Overtone writes: Machine Predicts Rising Temperatures as Escaping Gas Bubbles Up Through the Sea
By BILL BLAKEMORE, ABCNews.com
Leading climate scientists now generally agree that earth in the coming decades will warm another 2 degrees Fahrenheit no matter what we do.
(Aug. 5) - Whatever climate scientists may currently disagree about (and good scientists are always disagreeing about something) virtually all of them have long since agreed that human activity -- burning fossil fuels -- has been making the global temperature go up. And now they have two very sobering, visual ways to explain how.
The first is in the basement of a futuristic building in the foothills of the Colorado Rockies and requires a special pass, the other is down on the sea floor off the coast of California, requiring SCUBA gear and a waterproof map.
The gigantic super-computer in the basement of the
National Center for Atmospheric Research in Boulder, Colo., is so big you can
walk down the aisles inside it, the walls of the sleek black servers at either
elbow, wrapped in the constant hum of air coolers and countless trillions of
silicon chip operations working day and night to calculate the climate future
over the next several decades of the only home we've got: Earth.
"These super computers are getting more and more
powerful every year," scientist Jerry Meehl told us as he gave us the
tour. "It makes the computers we were using for global warming predictions
back in the 1980s look primitive."
And even those computers, we now know from events such as
the double heat wave just past, were predicting accurately.
Scientists at the National Oceanic and Atmospheric
Administration in Boulder have now figured out how to project the computer
predictions -- which used to be just rows of numbers -- in the form of changing
colors on a 5-foot sphere with the continents outlined on it.
A number of these spheres are now being installed in
museums around the United States and the world, so the world can see what it's
With green and blue for cooler temperatures, scientists
and regular folks can watch the digitized projectors paint the globe, starting
in 1870. Along about 1990, the globe grows yellower -- warmer -- and is entirely
yellow by 2001.
Then comes the sobering part. Red, for much warmer, starts
to appear in North America -- and other continents -- and by 2051 the United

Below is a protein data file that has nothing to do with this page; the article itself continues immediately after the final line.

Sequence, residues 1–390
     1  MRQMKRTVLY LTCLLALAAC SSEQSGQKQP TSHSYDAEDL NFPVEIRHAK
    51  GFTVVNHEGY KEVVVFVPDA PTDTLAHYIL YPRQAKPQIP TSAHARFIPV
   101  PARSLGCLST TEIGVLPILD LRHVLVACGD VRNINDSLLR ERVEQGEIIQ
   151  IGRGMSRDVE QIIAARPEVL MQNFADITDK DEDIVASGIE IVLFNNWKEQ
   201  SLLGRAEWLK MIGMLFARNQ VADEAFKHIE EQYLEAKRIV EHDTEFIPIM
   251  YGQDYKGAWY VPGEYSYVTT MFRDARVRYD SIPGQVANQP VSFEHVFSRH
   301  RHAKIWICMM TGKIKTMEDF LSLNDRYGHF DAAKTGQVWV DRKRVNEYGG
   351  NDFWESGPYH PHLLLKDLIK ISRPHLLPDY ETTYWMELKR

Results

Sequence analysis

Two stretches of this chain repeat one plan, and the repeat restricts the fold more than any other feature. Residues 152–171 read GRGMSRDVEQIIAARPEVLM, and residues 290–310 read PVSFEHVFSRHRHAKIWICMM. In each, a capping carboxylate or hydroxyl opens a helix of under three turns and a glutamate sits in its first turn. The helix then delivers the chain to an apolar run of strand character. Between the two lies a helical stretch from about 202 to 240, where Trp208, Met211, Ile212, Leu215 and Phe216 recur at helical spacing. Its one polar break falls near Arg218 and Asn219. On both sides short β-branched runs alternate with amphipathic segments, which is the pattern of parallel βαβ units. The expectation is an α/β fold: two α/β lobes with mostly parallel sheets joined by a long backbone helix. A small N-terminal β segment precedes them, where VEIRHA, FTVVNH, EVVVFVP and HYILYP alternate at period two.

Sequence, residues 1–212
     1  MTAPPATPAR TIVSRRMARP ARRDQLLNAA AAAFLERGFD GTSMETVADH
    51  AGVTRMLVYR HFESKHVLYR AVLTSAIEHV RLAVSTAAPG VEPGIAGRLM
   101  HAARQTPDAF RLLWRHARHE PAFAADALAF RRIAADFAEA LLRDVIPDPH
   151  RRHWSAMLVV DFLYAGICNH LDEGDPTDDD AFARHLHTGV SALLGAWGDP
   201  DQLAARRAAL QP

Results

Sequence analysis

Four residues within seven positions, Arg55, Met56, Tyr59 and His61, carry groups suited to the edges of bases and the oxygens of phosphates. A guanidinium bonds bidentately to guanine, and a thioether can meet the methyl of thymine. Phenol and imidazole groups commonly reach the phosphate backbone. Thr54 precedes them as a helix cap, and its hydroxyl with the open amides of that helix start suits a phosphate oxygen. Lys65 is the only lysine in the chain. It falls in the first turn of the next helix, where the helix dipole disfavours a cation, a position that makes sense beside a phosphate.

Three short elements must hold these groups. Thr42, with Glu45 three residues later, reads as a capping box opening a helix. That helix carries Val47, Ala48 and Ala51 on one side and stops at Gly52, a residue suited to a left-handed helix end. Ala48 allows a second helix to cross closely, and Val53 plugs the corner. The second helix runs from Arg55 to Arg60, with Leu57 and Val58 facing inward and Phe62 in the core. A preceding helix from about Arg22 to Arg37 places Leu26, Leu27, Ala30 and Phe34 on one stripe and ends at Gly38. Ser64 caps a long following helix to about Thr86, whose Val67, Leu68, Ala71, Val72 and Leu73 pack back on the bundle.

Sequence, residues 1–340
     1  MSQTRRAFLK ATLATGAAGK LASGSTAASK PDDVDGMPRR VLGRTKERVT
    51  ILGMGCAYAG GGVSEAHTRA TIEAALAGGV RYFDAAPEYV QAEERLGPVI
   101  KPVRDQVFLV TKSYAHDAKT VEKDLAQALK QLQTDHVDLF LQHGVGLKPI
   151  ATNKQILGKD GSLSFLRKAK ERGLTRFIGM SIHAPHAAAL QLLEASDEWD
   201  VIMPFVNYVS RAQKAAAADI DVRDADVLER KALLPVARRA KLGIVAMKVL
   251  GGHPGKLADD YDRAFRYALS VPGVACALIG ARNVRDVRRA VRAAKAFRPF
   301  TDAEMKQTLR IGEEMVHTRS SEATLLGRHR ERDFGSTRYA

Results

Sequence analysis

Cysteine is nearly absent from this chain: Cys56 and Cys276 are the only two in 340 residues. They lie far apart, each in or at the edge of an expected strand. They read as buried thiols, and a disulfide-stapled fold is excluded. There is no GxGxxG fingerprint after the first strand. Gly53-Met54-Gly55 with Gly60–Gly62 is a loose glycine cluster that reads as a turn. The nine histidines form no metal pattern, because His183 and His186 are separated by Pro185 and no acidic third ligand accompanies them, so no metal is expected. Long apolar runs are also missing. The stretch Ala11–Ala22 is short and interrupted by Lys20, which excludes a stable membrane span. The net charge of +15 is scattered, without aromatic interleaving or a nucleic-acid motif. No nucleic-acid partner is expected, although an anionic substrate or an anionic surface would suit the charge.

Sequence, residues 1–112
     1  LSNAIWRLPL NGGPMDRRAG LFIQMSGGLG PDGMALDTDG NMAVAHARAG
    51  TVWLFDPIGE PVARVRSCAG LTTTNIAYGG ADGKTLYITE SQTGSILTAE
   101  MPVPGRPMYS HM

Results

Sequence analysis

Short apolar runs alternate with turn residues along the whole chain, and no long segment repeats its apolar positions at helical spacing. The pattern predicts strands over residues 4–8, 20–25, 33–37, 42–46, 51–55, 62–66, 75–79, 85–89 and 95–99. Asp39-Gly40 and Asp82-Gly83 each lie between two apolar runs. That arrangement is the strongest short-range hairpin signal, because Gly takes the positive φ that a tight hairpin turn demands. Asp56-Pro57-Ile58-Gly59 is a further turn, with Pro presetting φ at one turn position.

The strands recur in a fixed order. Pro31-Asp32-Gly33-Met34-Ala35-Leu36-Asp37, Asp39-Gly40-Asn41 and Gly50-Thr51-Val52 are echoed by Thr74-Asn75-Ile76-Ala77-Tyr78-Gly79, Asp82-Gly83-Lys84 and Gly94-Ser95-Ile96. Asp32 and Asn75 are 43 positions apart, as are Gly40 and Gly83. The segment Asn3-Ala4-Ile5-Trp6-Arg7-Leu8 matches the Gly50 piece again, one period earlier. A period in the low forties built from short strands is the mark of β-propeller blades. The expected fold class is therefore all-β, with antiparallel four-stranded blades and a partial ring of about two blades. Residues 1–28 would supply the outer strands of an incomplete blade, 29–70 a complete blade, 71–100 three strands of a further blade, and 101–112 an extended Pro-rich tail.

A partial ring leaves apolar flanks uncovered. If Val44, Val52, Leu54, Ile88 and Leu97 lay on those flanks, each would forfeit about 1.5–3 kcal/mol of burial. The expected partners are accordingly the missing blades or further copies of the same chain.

States is almost entirely red.
That's only 45 years from now, when today's toddlers will
barely be in middle age.
The leading climate scientists now generally agree that
earth in the coming decades will warm another 2 degrees Fahrenheit no matter
what we do -- partly because carbon dioxide, the major manmade greenhouse gas,
stays in the atmosphere about a hundred years.
That's in addition to the average of 1.4 degrees
Fahrenheit the Earth has already warmed from manmade causes -- which though it
doesn't sound like much (remember, it's a single-number average for the entire
planet) has already, say most scientists, given us disappearing glaciers
worldwide, drought and famine, increasingly frequent and more intense heat
waves and millions of species in ecosystems everywhere scrambling for cooler
ground but often running into uncrossable highways and ever-expanding human
Even scarier is the other sight, about 20 meters down off
the coast of Santa Barbara, Calif.: bubbles, millions of bubbles of methane --
20 times more powerful as a greenhouse gas than carbon dioxide.
The methane is bubbling up naturally from some of the
enormous natural undersea reservoirs of the gas mostly locked into the frozen
mud under the sea floor.
Scientists have just released video showing how, for the
first time, they have been able to measure these natural up-wellings to tell
whether, if large amounts of this methane ever thawed out from its deep sea
beds, it would reach the atmosphere, rather than being absorbed in the water,
and thus make the earth even hotter.
The findings of oceanographer Ira Leifer et al, published
in a strictly peer-reviewed scientific journal, are that it would do just that.
In other words, all that undersea methane is a potential
"positive feedback" of catastrophic proportions.
If warming currents, such as those already detected by
scientists at depth, begin to thaw these methane beds, it will make the
atmosphere, and consequently the sea currents, even warmer, and melt out more
A number of scientists tell me that would take the Earth
up into temperatures humankind has never experienced -- and probably could not
They believe it's happened for natural reasons before --
before, for example, the Jurassic age, when dinosaurs, but no humans, roamed
That's why they insist we must stop the unnatural burning
of fossil fuels -- oil, coal and gas -- which risks giving such a methane
mega-burp an artificial kick that could -- hard as this is to take in -- end
Small doses are the best way to take in such news.
Psychologists tell us that a little denial when facing truly
frightening news can, at first, be a good thing. It helps us hold ourselves
together in face of the threat, helps keep our "meaning systems"
As long as we keep working back towards reality.
No child wants to think it can harm the basic wellbeing of
a protective parent who provides its only world.
They can't even believe they could do such a thing.
Climate scientists are telling us we are doing just that
to our own Mother Earth, and we should believe it.
08-05-06 01:17 EDT